A distributed, k-sortable unique ID generation system using Redis and Lua.
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README.md

Icicle Build Status Join the chat at https://gitter.im/intenthq/icicle

A distributed, k-sortable unique ID generation system using Redis and Lua.

Icicle is a project to generate 64-bit, k-sortable unique IDs in a distributed fashion by using Redis' Lua scripting.

Implementations of Icicle could be written in any language using just a Redis client library and the Lua script.

Read more about Icicle on the Intent HQ Engineering blog.

Icicle v1.x users: There are some important breaking changes in v2.x! Please read the release notes for more information.

Using Icicle

Setup Your Redis Nodes

You need to have some Redis nodes available and running to use with Icicle. Icicle works on Redis >= v2.6 as it requires Lua support. Redis 3.x is supported and tested. We recommend running at least 2 Redis nodes, allowing for redundancy and better performance.

Once you have the Redis servers up and running, you must assign a logical shard ID to each Redis instance. This is a unique number between 0 and 1023 (inclusive) that is assigned to each node to prevent duplicate IDs:

SET icicle-generator-logical-shard-id 123

Make sure this is unique per node, or you run the risk you will generate duplicate IDs. Icicle will otherwise report an error to you if you set the ID too small or too large.

Configure NTP

To keep your system clock in check, you should install and configure NTP on every Redis node server. You need to run NTP in a mode where it won't move the clock backwards, as Icicle will not guarantee an ID won't be duplicated it does this. See this Stack Overflow post for more information on the behaviour of NTP.

Use The Client Library

With Jedis

A pre-rolled icicle-jedis library is available and using it is really simple. Create yourself an instance of the IcicleIdGenerator class, passing the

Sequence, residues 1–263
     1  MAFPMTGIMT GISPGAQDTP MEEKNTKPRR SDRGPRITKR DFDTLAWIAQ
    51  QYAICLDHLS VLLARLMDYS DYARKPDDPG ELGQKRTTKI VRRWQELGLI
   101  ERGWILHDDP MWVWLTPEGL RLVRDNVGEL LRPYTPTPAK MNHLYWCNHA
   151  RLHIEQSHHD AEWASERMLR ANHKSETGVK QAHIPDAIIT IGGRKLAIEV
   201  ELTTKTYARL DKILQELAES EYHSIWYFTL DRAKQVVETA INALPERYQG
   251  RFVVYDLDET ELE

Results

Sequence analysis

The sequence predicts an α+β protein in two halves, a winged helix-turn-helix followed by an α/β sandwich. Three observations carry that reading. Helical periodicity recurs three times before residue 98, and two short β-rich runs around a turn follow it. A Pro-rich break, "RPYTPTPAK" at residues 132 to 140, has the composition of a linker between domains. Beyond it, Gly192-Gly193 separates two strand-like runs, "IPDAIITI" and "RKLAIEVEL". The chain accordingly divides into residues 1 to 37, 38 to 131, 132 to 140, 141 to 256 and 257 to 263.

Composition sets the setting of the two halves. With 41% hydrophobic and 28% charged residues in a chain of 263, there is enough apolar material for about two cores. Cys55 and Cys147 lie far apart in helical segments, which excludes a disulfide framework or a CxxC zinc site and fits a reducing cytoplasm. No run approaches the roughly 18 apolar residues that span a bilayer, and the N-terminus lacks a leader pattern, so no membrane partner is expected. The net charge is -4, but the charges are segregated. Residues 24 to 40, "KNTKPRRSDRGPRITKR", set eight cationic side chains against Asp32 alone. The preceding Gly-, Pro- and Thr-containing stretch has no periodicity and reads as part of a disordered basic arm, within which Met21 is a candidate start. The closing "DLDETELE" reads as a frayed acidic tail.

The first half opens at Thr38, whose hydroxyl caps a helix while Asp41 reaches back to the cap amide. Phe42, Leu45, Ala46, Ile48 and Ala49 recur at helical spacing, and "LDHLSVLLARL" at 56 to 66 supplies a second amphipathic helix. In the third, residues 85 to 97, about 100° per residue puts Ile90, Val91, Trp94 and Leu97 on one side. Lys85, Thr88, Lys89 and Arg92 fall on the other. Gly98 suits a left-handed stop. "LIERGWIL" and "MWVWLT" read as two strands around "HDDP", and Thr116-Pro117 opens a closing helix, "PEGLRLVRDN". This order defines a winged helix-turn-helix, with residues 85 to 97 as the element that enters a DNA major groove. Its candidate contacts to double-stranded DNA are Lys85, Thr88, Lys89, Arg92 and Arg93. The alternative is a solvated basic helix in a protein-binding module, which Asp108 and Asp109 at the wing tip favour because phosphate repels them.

JedisIcicle redisServerOne = new JedisIcicle("server-one:6379");
JedisIcicle redisServerTwo = new JedisIcicle("server-two:6379");
JedisIcicle redisServerThree = new JedisIcicle("server-three:6379");
List<JedisIcicle> redises = Arrays.asList(redisServerOne, redisServerTwo, redisServerThree);

RoundRobinRedisPool roundRobinRedisPool = new RoundRobinRedisPool(redises);
IcicleIdGenerator icicleIdGenerator = new IcicleIdGenerator(roundRobinRedisPool);

And now to generate an ID:

Optional<Id> id = icicleIdGenerator.generateId();

Or a batch of IDs;

Optional<List<Id>> ids = icicleIdGenerator.generateIdBatch(10); // Get up to 10 IDs
Optional<List<Id>> ids = icicleIdGenerator.generateIdBatch(); // Get up to 4096 IDs

When requesting a batch of IDs, the generator cannot always return you the amount you asked for (this is a limitation related to our strong uniqueness guarantees) - instead, it will return between 1 and n, where n is the number of IDs you asked for in the batch. You may wish to check how many you actually received, and request more until you have the total you need.

With Another Redis Library

You can use Icicle with any Redis library you please. All you have to do is implement the Redis interface, and you can then use the RoundRobinRedisPool and IcicleIdGenerator classes as above with icicle-jedis.

Structure

We chose to pack our IDs in a 64-bit long, structured as follows:

The ID structure, in the format ABBBBBBBBBBBBBBBBBBBBBBBBBBBBBBBBBBBBBBBBBCCCCCCCCCCDDDDDDDDDDDD

  • The first bit is the reserved signed bit (which we chose not to use because some platforms make it difficult to get at and it messes with ordering).
  • Secondly, the timestamp in milliseconds since a custom epoch, 41 bits in total.
  • Next is the logical shard ID, 10 bits in total.
  • Finally, the sequence, 12 bits in total.

Kudos

The name of our project was inspired by a sadly now defunct project from Twitter called "Snowflake", from which we drew much inspiration.